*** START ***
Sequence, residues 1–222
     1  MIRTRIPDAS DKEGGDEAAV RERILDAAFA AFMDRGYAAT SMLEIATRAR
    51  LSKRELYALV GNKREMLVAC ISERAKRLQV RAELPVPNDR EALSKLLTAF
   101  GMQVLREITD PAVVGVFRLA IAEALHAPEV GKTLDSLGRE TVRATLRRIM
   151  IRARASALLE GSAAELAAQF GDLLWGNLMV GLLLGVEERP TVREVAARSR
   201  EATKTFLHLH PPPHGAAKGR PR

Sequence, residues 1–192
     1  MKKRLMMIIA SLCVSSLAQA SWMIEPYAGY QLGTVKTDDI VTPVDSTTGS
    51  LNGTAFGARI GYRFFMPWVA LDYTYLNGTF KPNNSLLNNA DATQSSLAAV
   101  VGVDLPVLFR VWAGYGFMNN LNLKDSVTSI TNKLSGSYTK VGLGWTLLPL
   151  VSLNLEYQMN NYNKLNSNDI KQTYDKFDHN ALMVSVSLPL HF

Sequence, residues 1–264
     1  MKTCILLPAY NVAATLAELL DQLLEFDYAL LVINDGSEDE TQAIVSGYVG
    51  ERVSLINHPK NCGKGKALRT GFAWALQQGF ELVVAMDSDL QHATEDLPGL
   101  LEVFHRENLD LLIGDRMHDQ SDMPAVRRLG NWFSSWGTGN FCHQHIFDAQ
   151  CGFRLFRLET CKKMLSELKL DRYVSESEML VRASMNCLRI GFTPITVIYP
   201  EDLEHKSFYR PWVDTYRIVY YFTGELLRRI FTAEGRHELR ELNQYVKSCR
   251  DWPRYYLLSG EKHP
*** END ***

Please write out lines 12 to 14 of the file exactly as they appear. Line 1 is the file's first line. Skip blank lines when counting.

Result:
Sequence, residues 1–264
     1  MKTCILLPAY NVAATLAELL DQLLEFDYAL LVINDGSEDE TQAIVSGYVG
    51  ERVSLINHPK NCGKGKALRT GFAWALQQGF ELVVAMDSDL QHATEDLPGL